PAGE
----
‘Cohort II’ was a major six-year study, funded by the Department for Transport, providing an up-to-date picture of how ‘cohorts’ of learner drivers in Great Britain undertake driver training and testing, and of their subsequent experiences as new drivers. It builds upon and further develops the evidence base from the smaller Cohort I study in 1988–89. The aims of the study were:
• to investigate how people learn to drive, including the number of hours of tuition and practice, and to compare this to outcomes from the theory and practical driving tests;
• to assess the impact of changes to the testing regime, specifically the hazard perception test which was introduced during the period of study;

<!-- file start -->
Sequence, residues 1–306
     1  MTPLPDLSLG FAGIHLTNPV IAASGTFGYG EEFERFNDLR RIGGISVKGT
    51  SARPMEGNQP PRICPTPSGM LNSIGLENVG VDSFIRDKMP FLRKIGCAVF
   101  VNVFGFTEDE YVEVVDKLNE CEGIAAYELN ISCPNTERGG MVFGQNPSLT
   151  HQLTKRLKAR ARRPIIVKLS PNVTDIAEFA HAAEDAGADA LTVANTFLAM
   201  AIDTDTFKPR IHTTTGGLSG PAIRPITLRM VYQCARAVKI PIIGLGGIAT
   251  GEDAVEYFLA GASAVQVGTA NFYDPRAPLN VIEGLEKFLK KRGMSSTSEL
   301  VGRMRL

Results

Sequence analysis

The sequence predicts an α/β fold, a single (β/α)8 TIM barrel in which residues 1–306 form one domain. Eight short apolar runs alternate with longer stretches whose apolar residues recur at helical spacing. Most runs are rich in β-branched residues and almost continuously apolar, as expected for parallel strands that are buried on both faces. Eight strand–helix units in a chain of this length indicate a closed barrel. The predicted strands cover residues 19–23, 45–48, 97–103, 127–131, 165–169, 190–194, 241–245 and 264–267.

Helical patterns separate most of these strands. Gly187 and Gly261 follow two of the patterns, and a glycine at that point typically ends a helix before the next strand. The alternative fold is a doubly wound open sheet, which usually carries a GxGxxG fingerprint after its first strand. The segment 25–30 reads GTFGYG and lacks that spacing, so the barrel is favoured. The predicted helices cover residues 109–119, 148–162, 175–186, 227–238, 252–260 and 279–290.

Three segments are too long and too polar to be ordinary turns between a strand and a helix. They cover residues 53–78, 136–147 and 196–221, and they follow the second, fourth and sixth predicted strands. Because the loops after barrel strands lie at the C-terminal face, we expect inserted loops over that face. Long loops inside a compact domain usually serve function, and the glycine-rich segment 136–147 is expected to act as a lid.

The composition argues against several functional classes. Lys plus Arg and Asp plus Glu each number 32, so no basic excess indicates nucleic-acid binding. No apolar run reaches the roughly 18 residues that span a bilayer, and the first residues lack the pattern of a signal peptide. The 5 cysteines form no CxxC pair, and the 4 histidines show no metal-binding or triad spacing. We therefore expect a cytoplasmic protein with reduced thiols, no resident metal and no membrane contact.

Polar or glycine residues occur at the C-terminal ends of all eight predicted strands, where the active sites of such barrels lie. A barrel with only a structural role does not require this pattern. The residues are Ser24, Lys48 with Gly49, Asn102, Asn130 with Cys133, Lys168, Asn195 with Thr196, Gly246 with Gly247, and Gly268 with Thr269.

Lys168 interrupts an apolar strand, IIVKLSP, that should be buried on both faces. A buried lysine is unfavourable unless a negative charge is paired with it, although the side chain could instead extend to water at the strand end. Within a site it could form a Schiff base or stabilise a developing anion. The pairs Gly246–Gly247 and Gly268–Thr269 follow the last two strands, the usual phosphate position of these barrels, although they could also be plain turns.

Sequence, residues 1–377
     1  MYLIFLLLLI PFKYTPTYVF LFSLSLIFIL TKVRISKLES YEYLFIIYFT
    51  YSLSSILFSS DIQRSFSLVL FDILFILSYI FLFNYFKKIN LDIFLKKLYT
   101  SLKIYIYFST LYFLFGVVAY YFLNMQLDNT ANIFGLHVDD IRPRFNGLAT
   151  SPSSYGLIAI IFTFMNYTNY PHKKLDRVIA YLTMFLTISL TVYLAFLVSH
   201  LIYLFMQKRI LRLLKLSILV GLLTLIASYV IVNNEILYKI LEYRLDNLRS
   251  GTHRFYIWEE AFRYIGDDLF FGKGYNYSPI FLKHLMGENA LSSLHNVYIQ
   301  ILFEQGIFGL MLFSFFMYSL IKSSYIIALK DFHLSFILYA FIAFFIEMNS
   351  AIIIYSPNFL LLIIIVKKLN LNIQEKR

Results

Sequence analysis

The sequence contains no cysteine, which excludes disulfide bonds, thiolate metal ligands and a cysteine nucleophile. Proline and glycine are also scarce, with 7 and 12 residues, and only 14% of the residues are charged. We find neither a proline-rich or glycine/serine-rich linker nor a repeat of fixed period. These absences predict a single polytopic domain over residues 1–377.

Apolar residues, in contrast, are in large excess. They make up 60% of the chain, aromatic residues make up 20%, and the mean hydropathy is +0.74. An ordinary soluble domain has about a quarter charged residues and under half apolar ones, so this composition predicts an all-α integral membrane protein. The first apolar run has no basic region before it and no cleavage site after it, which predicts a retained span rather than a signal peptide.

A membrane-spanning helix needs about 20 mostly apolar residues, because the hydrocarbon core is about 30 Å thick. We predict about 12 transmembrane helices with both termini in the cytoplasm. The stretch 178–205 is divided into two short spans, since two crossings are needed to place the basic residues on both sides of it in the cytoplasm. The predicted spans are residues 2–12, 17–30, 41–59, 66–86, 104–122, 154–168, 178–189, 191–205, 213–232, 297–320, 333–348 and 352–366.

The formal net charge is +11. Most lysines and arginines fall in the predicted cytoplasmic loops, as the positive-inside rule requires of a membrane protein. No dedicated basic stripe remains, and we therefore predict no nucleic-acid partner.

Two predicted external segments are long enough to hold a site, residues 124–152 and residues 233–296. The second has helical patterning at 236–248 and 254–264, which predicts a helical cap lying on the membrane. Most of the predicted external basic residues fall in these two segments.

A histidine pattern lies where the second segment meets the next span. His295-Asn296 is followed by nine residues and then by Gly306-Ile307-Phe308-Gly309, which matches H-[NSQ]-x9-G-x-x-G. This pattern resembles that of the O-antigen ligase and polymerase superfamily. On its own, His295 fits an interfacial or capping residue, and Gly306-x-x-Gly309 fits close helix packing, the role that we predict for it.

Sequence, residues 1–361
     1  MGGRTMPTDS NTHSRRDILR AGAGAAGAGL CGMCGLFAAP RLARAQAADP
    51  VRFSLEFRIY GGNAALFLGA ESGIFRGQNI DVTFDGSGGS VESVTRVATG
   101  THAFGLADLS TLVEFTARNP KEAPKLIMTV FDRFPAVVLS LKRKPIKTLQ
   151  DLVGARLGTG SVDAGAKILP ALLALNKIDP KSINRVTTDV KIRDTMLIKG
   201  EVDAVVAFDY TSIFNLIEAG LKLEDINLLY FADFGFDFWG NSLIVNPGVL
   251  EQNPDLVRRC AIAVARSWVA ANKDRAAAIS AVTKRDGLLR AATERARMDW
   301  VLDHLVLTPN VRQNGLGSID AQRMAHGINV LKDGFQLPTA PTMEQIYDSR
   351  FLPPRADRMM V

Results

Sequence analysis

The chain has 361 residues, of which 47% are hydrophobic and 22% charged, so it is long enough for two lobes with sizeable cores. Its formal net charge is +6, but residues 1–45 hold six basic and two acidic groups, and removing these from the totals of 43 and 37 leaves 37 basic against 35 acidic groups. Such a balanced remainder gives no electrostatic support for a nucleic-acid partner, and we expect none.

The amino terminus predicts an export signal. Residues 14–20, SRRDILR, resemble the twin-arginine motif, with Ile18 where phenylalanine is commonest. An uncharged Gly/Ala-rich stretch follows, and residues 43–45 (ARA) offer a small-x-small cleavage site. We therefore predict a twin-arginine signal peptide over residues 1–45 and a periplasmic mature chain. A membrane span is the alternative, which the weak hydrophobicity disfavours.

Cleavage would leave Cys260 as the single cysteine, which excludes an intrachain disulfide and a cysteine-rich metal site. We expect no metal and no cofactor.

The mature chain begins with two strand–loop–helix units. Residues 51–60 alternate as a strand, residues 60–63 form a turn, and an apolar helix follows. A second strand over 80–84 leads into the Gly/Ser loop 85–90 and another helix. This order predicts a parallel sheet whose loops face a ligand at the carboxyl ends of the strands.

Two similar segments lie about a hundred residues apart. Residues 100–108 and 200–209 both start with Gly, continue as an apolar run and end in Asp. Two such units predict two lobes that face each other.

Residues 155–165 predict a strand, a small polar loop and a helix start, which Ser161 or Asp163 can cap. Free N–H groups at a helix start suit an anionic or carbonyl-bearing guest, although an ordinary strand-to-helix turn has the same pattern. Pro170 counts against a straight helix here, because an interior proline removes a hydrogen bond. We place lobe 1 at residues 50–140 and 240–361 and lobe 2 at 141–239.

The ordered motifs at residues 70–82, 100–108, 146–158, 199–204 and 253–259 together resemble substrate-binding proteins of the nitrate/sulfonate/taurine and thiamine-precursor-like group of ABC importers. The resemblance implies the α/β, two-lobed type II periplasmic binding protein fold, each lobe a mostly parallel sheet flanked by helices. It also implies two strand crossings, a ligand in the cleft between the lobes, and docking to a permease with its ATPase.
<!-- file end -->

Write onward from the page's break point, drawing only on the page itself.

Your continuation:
• to explore new drivers’ experiences and attitudes to driving; and
• to identify their level of accident involvement over time.

It is important to note that, while associations have been established between many variables – for example, some variables associated with driver training and accident liability – these are not necessarily causal relationships. The sample initially comprised 42,851 learner drivers, however not all of these
passed their practical tests to be involved in the subsequent surveys of new drivers. The sample of new drivers in Cohort II varied from over 10,000 at six months after the practical test to just fewer than 2,000 at three years after taking the test.
Owing to differences in survey design and the sample composition of Cohort I and Cohort II it can, at some times, be difficult to make direct comparisons between the results. The Cohort II sample is markedly younger than the Cohort I sample has a higher proportion of female respondents, 63% and 55% respectively. However, where possible and indeed appropriate, this report highlights differences between the findings from the two studies, representing changes over time.

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